Yet Another NSA Violation
Last month, it was revealed that the court established by the Foreign Intelligence Surveillance Act (FISA) had rebuked the National Security Agency (NSA) for using illegal search methods. Not surprisingly, this incident wasn't an isolated one. In another judicial opinion responding to a lawsuit by the Electronic Frontier Foundation (EFF), further illegal abuses by the NSA were unveiled. Like the previous revelations, this story tells of the dangers posed by a NSA conducting searches with far too broad a scope and too few constraints.
The latest NSA abuses involve the database of phone calls made by Americans compiled by the NSA. Phone companies have been ordered to turn over "metadata" about the calls made by their customers. The NSA keeps five years of this metadata on file at any given time. When the agency makes queries into the database, however, it is required by the FISA court to have a "reasonable articulable suspicion" that the call involves communication with a terrorist suspect or some other connection with terrorism. The opinion released this week showed that "of the 17,835 phone numbers checked against phone records," in a three-year period beginning in 2006, "only 1,935 were based on that reasonable-suspicion standard."
The fact that only roughly 11 percent of the database queries made by the NSA during this period conformed with legal requirements is particularly remarkable given the relative weakness of the standard. The standard for obtaining a search warrant under the Fourth Amendment is "probable cause." A "reasonable suspicion" standard—similar language governs the constitutionality of "stop and frisk" searches—places substantially less of a burden on the state when it seeks to justify a search. So, as with New York's City's stop-and-frisk policy, it is particularly damning that for three years, the overwhelming majority of the NSA's database queries could not even meet that standard.
The NSA's response, as reported by Wired, is essentially that it was all just too complicated so they shouldn't be held responsible:
“Incredibly, intelligence officials said today that no one at the NSA fully understood how its own surveillance system worked at the time so they could not adequately explain it to the court,” says EFF activist Trevor Timm. “This is a breathtaking admission — the NSA’s surveillance apparatus, for years, was so complex and compartmentalized that no single person could comprehend it.”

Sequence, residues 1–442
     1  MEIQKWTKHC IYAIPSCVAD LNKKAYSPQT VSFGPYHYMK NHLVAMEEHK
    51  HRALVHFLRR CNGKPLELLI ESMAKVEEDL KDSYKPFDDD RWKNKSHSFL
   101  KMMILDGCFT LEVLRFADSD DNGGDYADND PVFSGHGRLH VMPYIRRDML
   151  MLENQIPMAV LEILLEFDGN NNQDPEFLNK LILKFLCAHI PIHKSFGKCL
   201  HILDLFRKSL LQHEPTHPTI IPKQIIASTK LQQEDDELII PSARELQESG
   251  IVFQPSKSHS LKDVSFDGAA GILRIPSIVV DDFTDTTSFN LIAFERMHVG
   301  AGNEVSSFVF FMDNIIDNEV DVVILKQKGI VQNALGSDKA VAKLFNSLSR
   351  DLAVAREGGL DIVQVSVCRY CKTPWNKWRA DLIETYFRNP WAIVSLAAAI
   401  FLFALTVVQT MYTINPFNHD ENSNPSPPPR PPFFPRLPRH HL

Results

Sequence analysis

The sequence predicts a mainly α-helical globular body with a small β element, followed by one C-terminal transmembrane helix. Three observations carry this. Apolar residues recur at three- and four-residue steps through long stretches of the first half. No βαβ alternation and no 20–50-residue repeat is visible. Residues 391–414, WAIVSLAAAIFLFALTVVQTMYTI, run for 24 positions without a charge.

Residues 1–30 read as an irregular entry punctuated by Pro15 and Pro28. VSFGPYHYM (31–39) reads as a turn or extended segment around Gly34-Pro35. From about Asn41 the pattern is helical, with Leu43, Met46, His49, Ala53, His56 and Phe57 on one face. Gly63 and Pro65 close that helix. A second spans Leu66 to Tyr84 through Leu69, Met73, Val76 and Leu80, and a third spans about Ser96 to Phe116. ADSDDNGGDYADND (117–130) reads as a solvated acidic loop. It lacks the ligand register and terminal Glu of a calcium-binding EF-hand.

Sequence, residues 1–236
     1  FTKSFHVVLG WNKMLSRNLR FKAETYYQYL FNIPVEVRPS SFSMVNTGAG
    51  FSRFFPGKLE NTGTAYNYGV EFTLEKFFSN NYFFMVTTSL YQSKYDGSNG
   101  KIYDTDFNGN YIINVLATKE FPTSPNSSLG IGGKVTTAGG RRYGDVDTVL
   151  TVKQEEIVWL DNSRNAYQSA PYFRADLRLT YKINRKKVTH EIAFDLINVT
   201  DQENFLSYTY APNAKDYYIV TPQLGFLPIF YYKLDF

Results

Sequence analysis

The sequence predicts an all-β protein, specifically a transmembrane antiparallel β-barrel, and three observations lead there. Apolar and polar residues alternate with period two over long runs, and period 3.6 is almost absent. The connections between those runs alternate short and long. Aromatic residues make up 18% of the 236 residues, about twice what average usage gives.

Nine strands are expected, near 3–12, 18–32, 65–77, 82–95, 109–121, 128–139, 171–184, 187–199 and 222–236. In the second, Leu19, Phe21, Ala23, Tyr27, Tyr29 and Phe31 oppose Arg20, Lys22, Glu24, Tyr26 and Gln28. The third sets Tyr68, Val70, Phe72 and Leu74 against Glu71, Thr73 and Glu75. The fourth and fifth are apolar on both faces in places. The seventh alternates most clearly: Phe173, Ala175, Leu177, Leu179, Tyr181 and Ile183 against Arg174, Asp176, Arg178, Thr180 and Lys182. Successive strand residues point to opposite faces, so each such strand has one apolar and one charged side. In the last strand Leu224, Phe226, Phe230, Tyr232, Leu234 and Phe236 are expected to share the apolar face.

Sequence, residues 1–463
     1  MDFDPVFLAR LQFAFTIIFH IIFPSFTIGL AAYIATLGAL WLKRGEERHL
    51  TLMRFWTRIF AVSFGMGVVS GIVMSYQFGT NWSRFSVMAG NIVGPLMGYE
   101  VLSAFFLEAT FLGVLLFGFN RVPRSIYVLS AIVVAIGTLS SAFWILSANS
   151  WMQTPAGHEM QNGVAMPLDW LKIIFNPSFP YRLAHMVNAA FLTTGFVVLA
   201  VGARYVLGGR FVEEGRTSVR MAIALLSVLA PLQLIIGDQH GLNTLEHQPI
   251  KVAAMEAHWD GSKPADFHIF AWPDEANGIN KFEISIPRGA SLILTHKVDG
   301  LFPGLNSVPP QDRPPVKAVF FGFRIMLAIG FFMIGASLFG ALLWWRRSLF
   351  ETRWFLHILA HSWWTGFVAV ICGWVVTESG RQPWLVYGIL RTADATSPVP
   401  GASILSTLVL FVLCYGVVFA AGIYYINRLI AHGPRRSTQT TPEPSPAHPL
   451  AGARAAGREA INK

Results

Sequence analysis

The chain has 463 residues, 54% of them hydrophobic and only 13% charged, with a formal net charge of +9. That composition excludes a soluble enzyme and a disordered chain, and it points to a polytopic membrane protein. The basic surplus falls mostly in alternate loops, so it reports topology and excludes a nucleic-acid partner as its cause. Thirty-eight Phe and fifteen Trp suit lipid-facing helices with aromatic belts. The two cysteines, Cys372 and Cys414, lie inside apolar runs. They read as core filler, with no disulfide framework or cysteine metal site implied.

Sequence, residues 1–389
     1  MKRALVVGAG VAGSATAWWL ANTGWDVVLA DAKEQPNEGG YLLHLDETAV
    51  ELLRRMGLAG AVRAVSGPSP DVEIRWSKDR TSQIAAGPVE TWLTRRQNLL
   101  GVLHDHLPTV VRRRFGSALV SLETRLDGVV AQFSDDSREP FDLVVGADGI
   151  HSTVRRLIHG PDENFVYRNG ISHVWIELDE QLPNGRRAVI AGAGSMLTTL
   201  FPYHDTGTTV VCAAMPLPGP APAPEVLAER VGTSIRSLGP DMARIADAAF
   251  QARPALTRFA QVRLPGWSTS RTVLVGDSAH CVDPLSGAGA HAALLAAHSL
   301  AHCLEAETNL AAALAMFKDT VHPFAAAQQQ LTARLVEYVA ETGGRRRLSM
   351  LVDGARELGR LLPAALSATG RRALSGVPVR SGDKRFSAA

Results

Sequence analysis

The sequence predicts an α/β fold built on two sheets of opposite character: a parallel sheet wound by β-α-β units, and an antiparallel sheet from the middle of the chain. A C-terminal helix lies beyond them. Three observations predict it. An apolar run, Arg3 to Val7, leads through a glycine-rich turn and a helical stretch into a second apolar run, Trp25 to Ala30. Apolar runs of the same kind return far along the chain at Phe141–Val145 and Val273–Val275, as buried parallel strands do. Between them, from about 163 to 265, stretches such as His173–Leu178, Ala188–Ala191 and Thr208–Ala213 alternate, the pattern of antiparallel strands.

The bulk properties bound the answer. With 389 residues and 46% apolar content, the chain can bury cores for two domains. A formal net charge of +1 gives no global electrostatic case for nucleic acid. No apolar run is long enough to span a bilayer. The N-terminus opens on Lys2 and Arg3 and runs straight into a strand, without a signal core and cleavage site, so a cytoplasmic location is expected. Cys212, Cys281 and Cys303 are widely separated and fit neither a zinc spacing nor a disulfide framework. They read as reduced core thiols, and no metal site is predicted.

Intelligence Director James Clapper, in a blog post today, blamed the unlawful spying in part on “the complexity of the technology employed in connection with the bulk telephony metadata collection program,” and said it was not done deliberately.
As David Kravets, Kim Zetter, and Kevin Poulsen point out, the FISA court did not find this explanation to be credible. But taking the government's defense at face value might be even more disturbing. If the failure to comply with the law was the result of an individual willfully ignoring the law, this is something that sanctions can be put in place to deal with. But this latest example of NSA violations once again suggests that the sheer scope of the agency's searches create an ongoing threat to individual liberties, even when officials are acting in good faith.
It's increasingly clear that the "war on terror" has led to intrusions on civil liberties, intrusions that do not necessarily have a payoff in terms of increased security. The NSA has at least twice been guilty of systematically violating even the lax standards established by a deferential court. The current framework established by Congress simply isn't working, and greater scrutiny and tighter standards are required.
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